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While politicians are still talking about restoring civility, liberal thugs are waging an all out attack on the website of David Rivkin, lead counsel in the multi-state lawsuit against Obamacare, rather than engage in a civilized debate that they can’t win.  And what do the ACLU and other left-leaning civil rights groups have to say about these attempts to silence a leading voice for freedom and liberty? Not a thing.

Rivkin represents 26 States, the National Federation of Independent Business, and two individuals in the most prominent and successful challenge to Obamacare.  He’s been a prominent critic of the law’s individual mandate from the beginning, and is used to engaging in intellectual battle—it comes with the territory.  But this is something far different.

One week after federal district judge Roger Vinson held that the mandate was unconstitutional and struck down the entire law, Rivkin’s website came under attack by a highly organized group of cyber-terrorists seeking to silence him and knock his views off the Internet.

Just like the recent attacks by Wikileaks supporters on, MasterCard, and PayPal—attacks that have led to international investigations that remain ongoing and several arrests—unknown hacktivists from IP addresses located overseas took aim at Rivkin’s website, bombarding it with fake traffic and intrusion attempts.  They managed to destroy entire sections of the site dedicated to his advocacy on behalf of the states in the health care law suit.

The ongoing criminal attacks have been reported to the Federal Bureau of Investigation, which is charged with investigating denial of service cyber attacks.

Perhaps the most amazing aspect of this episode is the complete disregard of this attack by the mainstream media and left-wing civil liberties groups.  Imagine, for example, a similar attack on the website of the plaintiffs in the challenge to California’s Proposition 8, which struck down same-sex marriage in the state.  Imagine the outrage, finger-pointing, and howls of indignation that would follow.  The media, as well as the ACLU and others, would be quick to condemn conservatives, and many prominent conservatives, no doubt, would disassociate themselves from the cyber-attack.  And rightly so—conservatives don’t need to cheat or break the law to win the war of ideas.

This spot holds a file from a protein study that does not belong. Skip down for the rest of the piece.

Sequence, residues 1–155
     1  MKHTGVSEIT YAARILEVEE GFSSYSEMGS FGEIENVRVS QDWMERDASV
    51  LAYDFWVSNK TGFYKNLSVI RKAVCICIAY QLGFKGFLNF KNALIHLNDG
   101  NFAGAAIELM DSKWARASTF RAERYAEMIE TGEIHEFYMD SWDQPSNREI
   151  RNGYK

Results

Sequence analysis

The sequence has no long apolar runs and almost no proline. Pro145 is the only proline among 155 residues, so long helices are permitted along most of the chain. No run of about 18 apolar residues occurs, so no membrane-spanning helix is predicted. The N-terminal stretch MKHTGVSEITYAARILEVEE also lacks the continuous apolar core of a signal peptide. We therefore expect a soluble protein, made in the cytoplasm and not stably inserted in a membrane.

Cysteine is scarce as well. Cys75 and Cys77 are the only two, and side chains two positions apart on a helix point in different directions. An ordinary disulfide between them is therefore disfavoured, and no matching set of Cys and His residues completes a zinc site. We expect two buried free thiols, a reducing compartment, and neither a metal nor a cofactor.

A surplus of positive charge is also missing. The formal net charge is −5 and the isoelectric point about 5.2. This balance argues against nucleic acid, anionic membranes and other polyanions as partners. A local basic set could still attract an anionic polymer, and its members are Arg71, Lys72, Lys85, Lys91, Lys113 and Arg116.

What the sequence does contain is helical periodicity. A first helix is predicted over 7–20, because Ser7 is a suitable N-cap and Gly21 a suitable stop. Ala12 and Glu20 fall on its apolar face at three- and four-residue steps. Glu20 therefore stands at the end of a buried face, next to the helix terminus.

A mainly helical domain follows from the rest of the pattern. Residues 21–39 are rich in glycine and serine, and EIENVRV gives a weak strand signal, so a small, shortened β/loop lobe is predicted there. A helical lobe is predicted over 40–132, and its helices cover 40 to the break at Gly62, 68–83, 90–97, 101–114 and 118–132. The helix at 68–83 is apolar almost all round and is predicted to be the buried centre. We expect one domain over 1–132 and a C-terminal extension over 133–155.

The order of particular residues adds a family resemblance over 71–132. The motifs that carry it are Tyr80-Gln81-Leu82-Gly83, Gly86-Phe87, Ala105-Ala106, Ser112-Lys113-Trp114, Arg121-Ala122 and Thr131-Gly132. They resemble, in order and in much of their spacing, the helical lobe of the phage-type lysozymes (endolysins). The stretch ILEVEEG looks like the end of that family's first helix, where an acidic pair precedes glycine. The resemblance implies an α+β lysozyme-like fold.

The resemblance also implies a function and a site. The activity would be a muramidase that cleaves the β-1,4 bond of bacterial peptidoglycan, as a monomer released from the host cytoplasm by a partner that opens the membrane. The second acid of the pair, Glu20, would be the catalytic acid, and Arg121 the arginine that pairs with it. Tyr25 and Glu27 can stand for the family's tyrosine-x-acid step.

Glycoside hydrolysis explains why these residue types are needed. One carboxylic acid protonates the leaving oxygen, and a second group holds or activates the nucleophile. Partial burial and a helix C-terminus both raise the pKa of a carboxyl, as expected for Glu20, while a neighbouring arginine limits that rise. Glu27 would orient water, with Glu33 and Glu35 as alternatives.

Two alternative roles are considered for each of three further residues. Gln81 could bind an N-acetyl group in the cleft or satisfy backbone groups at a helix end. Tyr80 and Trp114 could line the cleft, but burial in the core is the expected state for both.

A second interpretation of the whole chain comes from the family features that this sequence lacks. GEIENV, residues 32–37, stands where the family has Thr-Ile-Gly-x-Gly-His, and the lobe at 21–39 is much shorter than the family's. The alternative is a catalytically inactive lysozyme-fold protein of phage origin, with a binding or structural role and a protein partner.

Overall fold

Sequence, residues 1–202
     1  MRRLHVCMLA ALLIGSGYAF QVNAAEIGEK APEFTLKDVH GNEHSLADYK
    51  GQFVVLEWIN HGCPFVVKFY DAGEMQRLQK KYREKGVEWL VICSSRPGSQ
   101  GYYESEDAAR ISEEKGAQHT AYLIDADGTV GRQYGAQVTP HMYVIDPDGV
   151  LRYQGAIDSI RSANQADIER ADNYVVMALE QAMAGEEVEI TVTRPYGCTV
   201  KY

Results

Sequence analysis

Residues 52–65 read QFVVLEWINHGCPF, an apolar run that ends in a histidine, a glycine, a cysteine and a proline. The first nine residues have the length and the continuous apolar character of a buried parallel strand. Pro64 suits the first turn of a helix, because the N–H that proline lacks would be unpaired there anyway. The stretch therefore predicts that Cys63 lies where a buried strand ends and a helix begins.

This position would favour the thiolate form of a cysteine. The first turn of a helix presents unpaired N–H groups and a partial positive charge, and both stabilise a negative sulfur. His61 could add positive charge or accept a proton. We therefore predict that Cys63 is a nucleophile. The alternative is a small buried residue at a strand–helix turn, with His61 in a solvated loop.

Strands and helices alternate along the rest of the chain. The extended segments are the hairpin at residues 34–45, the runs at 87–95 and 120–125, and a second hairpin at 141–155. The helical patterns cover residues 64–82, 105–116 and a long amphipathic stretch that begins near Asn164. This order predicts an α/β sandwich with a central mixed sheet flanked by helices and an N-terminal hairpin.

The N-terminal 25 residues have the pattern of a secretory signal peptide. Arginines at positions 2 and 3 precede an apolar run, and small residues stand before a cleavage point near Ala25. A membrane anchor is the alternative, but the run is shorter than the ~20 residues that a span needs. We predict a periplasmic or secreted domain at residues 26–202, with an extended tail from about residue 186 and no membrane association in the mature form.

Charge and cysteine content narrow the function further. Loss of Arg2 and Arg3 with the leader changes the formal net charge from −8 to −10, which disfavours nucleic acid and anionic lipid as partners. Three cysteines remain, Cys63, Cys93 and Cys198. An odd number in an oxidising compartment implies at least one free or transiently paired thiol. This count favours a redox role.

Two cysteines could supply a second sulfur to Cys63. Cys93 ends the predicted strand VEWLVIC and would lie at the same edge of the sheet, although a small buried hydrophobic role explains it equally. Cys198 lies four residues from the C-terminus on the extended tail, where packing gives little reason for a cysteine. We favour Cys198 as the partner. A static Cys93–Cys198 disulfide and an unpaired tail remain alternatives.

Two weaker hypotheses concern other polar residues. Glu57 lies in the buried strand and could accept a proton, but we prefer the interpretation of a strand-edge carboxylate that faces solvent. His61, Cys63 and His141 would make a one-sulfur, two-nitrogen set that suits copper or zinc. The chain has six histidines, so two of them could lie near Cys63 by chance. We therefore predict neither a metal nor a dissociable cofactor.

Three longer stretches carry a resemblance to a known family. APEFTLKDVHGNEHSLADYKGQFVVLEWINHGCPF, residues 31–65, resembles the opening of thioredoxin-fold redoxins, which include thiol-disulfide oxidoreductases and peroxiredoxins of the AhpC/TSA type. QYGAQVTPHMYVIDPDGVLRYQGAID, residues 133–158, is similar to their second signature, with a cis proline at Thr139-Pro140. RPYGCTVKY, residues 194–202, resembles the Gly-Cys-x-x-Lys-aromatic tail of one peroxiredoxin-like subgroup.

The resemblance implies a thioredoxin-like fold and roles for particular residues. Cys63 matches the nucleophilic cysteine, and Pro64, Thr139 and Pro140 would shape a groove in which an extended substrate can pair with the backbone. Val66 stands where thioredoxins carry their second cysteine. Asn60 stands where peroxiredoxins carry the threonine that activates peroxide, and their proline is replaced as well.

Rivkin’s sober and scholarly advocacy in favor of Americans’ fundamental rights is clearly a threat to someone, and they have decided to attack him for it.  Even on the Internet, thugs shouldn’t get a “heckler’s veto” over speech with which they disagree.  One would think that’s a point on which conservatives and left-leaning civil libertarians could agree.  But all we’ve heard so far from the left is silence.

The Foundry: Conservative Policy News.

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A lawsuit filed by the Lt. Governor of Mississippi and others has been dismissed by a Federal District Court Judge, but there was no ruling on the merits:

WASHINGTON, Feb. 3 (UPI) — A federal judge in Mississippi Thursday dismissed a lawsuit challenging the constitutionality of the U.S. healthcare reform law enacted in 2010.

Judge Keith Starrett of the U.S. District Court Southern District of Mississippi in Hattiesburg found state Lt. Gov. Phil Bryant and others who filed a lawsuit challenging the constitutionality of the Patient Protection Affordable Care Act, did not have standing to file the suit. Starrett, told plaintiffs they could file an amended suit with 30 days, the Hattiesburg American reported.

It’s possible that the Amended Complaint could pass muster, but not likely given Starett’s opinion, which is reproduced below. The standing issue is one that previous lawsuits have managed to pass successfully, however there’s still the possibility that one or more of them could end up getting dismissed on appeal if the Circuit Court of Appeals finds a lack of standing to appeal.

Here’s the opinion:

Bryant v. Holder et al

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Some 25 years ago today, a knuckle-headed elementary school Zandar was watching the launch of the shuttle Challenger, just like every other schoolkid in the country.  Hey, we were going to get lessons from a teacher in space.  How awesome was that going to be?

Turns out it was awesome, but in the literal sense.

Seventy-three seconds.

That’s how long NASA’s space shuttle Challenger was in the air before an O-ring failure turned a routine mission into space into a tragedy on January 28, 1986.

Twenty-five years after NASA’s first fatal in-flight accident, the memory of the Challenger disaster is still strong.

CNN’s John Zarrella was at Kennedy Space Center to cover the launch - the first from NASA’s new launchpad 39B. “I just remember seeing the cloud of smoke and what looked like fireworks coming out from the vehicle,” says Zarrella. “We were all just looking at each other wondering ‘OK, what’s happened here?’”

CNN, still in its early years, was the only network to carry the launch live that Tuesday. Among those tuning in were children in classrooms across the country, watching what was to be a milestone: Christa McAuliffe, the program’s first teacher in space, lifted off as a member of the crew.

And we watched it live, and we all looked at each other, and asked the teacher what happened, and she shushed us, because she didn’t know either.  None of us did.  I remember watching the booster rockets fork off in a V, going in different directions, and the thing cracked up.